The new initiative, entitled the Medicaid Innovation Accelerator Program, follows recommendations by the National Governors Association (NGA) that The Centers for Medicare & Medicaid Services (CMS) identify opportunities for care improvement and address high-priority areas, such as mental health and emergency department utilization.
Tags: DHHS, Health, Human Services, Medicaid, health care, NGA, reform, CMS, Medicare, Medicaid Innovation Accelerator Program, IAP
Categories:Health and Human Services
As the political debate continues over the Obama Administration’s handling of the unprecedented influx of unaccompanied children into the U.S. illegally from Central America, some local communities are responding. On July 16, 2014, the Christian Science Monitor reported that Los Angeles, Dallas, and Tampa are examples of cities across the county that are beginning local initiatives to coordinate the delivery of services to address the migrant children’s legal, health, and temporary housing needs. [More]
The U.S. Department of Health and Human Services (HHS), Centers for Medicare and Medicaid Services (CMS), announced the Medicaid Innovation Accelerator Program (IAP) on July 14, 2014. The IAP’s goals are to improve health care delivery and patient outcomes while controlling costs through accelerated payment and service delivery reform in state Medicaid programs. It incorporates many recommendations from states, the National Governors Association (NGA), and the National Association of Medicaid Directors (NAMD), such as improvements in: Medicaid data analytics; quality metric development; service delivery model development; rapid cycle model evaluation; and coordination among various HHS components (the Center for Medicare, the Center for Medicaid and CHIP Services (CMCS), the Center for Medicare and Medicaid Innovation (CMMI), the Medicare-Medicaid Coordination Office (MMCO), etc.). [More]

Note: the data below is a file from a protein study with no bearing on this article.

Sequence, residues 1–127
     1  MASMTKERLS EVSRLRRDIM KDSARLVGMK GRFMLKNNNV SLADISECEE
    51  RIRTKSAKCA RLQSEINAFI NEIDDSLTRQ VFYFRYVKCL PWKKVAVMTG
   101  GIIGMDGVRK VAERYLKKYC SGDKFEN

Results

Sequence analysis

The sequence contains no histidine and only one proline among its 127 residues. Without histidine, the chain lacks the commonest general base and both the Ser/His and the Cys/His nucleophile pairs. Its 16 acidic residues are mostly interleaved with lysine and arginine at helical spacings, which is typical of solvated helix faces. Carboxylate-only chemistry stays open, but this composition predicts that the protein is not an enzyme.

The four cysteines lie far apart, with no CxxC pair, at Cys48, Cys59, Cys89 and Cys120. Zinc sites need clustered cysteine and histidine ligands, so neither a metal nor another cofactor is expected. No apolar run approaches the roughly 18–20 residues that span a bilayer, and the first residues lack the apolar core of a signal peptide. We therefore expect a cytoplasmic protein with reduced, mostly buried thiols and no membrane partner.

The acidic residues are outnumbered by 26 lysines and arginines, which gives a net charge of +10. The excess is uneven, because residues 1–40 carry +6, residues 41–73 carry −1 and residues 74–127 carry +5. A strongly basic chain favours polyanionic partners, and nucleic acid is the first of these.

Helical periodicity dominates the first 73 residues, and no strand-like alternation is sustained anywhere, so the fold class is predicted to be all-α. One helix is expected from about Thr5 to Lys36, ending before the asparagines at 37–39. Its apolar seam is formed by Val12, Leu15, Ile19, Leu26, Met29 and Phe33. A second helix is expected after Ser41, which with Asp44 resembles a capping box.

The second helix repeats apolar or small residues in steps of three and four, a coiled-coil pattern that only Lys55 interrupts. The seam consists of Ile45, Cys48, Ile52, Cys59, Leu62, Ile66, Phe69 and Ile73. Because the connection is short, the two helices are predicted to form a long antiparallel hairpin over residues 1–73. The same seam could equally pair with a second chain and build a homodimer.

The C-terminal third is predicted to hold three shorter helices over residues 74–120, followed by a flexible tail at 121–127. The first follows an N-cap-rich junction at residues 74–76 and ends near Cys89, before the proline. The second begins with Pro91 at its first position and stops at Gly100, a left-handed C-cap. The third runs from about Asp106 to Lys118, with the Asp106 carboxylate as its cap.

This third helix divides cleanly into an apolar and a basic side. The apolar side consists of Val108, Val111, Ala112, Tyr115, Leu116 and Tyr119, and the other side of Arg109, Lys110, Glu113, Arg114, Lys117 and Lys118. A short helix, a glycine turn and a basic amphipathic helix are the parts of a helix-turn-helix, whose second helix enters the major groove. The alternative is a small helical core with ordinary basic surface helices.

Tags: HHS, Health, Human Services, CMS, Medicaid, Medicare, IAP, health care, NGA, Innovation Accelerator Program, CHIP, CDC, SAMHSA
Categories:Health and Human Services
On June 26, the Senate and House introduced H.R. 4980 with bipartisan support and agreement. The legislation, “Preventing Sex Trafficking and Strengthening Families Act,” reconciles the differences in previous legislation – H.R. 1896, H.R. 3205, H.R. 4058, S. 1876, S. 1877 and S. 1878. The bill may be passed before Congress goes on break later this month. No scheduled hearings have been set for either the Ways and Means Committee or the Committee on the Budget. There are predictions that the legislation will pass both committees as the bill is cost neutral. [More]